Are integrated CTs any different from CTs in clamp meters?

  • #1
Hi!

I have question about current transformers (CT). I have BH-0.66 class 0.5 20/5 current transformer. According to my understanding 20/5 means 4 times current reduction. For some reason I get about 20 times current reduction. Now I am curious if the factory managed to label 100/5 CT as 20/5 CT or if those integrated CTs have some specific needs in order to work correctly that I am not aware of.
I know that it measures about 20 times less current because I compared it with multimeter. And also tried clamp meter. At least with clamp meter I get correct reading easily. And polarity or cable angle doesnt seem to affect reading too much - maybe +/- 10%. But with CT looks like no matter how I wire it the reading is always about 20 times less, not 5 like I would expect. It happened with both small and large loads. And that is why I was wondering if there is something specific that I need to know about CTs in order to get correct reading that normal clamp meter hasn't require me to learn yet.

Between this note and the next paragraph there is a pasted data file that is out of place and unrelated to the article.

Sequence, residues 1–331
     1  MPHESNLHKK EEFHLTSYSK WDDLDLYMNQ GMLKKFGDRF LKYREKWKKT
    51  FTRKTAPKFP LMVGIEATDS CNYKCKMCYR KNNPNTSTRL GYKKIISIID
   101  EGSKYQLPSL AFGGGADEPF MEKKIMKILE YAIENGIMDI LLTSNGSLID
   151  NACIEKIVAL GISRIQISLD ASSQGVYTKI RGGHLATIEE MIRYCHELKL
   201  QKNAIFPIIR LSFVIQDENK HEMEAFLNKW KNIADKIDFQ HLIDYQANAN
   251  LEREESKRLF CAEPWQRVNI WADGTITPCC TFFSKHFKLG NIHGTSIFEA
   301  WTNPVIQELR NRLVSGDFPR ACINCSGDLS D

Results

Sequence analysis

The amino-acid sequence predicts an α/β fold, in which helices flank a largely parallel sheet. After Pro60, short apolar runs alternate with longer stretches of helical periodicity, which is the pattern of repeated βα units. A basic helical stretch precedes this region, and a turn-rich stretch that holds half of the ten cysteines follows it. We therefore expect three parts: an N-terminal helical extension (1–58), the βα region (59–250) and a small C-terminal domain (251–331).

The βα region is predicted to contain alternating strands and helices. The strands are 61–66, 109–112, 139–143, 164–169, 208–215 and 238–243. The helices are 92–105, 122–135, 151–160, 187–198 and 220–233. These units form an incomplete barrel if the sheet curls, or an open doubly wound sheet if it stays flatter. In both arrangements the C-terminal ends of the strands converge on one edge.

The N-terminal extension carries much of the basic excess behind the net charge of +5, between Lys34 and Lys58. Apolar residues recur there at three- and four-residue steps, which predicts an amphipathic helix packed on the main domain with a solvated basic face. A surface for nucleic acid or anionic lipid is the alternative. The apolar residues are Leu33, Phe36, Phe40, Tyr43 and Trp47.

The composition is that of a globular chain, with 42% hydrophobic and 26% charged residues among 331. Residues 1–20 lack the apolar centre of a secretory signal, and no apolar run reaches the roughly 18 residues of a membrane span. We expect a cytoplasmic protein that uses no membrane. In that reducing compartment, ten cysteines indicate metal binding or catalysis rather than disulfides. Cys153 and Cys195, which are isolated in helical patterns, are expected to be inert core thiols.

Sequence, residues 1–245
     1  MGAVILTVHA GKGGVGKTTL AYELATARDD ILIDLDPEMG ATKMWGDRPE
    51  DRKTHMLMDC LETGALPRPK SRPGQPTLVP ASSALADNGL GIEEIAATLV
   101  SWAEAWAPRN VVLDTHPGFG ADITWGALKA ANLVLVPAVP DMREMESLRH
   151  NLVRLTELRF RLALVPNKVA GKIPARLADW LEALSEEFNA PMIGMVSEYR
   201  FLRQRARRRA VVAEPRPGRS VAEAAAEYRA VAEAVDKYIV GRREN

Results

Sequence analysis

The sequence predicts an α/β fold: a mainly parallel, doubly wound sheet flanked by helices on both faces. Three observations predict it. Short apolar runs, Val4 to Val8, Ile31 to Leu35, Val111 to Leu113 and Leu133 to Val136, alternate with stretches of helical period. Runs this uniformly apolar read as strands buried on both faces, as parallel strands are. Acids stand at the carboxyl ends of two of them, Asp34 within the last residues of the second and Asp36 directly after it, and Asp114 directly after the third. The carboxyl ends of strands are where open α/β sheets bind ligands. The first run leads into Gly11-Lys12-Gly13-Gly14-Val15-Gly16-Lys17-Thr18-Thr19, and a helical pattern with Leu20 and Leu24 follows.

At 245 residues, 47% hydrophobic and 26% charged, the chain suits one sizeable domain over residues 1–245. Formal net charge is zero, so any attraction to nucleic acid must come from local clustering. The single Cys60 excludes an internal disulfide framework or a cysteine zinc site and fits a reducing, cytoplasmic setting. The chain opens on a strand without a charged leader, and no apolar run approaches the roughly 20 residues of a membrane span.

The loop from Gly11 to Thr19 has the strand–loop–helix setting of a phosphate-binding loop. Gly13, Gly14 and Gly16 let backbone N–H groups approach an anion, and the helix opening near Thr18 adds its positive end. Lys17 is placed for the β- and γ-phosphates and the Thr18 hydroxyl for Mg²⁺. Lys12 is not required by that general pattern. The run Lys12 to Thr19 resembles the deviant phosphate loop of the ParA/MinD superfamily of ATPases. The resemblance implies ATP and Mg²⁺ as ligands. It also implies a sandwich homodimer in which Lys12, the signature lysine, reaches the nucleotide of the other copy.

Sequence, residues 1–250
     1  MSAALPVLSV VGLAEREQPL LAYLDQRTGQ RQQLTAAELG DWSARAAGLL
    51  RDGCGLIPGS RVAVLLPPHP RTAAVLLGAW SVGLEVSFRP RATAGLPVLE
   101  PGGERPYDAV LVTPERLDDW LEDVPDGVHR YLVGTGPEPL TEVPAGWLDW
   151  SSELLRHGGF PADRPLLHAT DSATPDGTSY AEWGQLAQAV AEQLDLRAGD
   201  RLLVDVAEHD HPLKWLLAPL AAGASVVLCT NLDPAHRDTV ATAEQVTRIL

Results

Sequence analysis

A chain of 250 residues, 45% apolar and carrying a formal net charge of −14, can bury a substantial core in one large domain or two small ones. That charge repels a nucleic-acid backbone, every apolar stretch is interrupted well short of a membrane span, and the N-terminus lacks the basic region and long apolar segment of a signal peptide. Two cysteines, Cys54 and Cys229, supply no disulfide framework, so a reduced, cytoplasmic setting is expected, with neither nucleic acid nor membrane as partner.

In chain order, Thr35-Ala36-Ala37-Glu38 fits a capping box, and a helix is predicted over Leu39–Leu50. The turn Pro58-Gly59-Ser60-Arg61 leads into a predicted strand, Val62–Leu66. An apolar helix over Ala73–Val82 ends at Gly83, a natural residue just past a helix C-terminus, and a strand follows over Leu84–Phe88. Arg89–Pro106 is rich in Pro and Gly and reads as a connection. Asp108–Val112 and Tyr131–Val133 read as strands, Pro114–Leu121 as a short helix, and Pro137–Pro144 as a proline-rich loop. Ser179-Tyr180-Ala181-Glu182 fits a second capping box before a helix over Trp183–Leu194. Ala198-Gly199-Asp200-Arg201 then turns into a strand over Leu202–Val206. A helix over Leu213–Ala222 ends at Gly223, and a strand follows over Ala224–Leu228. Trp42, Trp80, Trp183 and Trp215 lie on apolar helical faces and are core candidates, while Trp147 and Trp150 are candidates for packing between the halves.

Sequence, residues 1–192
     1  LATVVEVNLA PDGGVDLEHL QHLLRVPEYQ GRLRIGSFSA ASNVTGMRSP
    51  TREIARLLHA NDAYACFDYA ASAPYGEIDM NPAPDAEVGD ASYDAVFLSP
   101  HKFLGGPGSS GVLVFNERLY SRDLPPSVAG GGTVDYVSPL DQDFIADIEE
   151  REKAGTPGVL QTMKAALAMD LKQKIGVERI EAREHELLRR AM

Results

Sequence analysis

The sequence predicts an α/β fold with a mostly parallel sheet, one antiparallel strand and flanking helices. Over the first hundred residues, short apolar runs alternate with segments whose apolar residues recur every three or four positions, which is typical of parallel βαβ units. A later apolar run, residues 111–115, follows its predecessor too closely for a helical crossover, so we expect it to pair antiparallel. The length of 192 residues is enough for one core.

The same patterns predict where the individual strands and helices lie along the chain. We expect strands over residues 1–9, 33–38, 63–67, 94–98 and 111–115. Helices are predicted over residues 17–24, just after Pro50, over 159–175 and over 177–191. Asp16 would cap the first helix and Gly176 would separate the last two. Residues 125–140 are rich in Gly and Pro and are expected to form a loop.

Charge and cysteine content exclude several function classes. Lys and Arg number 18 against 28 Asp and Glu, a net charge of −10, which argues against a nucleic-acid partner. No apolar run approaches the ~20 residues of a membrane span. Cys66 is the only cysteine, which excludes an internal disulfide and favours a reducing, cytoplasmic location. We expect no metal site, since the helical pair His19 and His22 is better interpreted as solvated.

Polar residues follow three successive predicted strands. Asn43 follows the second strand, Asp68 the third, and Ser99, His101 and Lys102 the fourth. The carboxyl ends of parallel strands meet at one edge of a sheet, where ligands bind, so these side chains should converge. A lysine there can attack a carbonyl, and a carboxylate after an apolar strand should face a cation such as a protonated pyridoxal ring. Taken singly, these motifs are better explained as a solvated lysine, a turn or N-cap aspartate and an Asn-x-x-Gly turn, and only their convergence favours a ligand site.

20A_ 5A.png

Also I got one more question when I was reading about CTs from interenet:
https://testguy.net/content/190-Current-Transformer-Basics-Understanding-Ratio-Polarity-and-Class

Here it says that
It is very important to observe correct polarity when installing and connecting current transformers to power metering and protective relays.
I was wondering if there is any reason why it should be important in my case where I only have single phase AC and one meter? At least the clamp meter doesn't seem to care.
 

Answers and Replies

  • #2
DaveE
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This is nearly impossible to diagnose without more information about both the CT and how you are using it.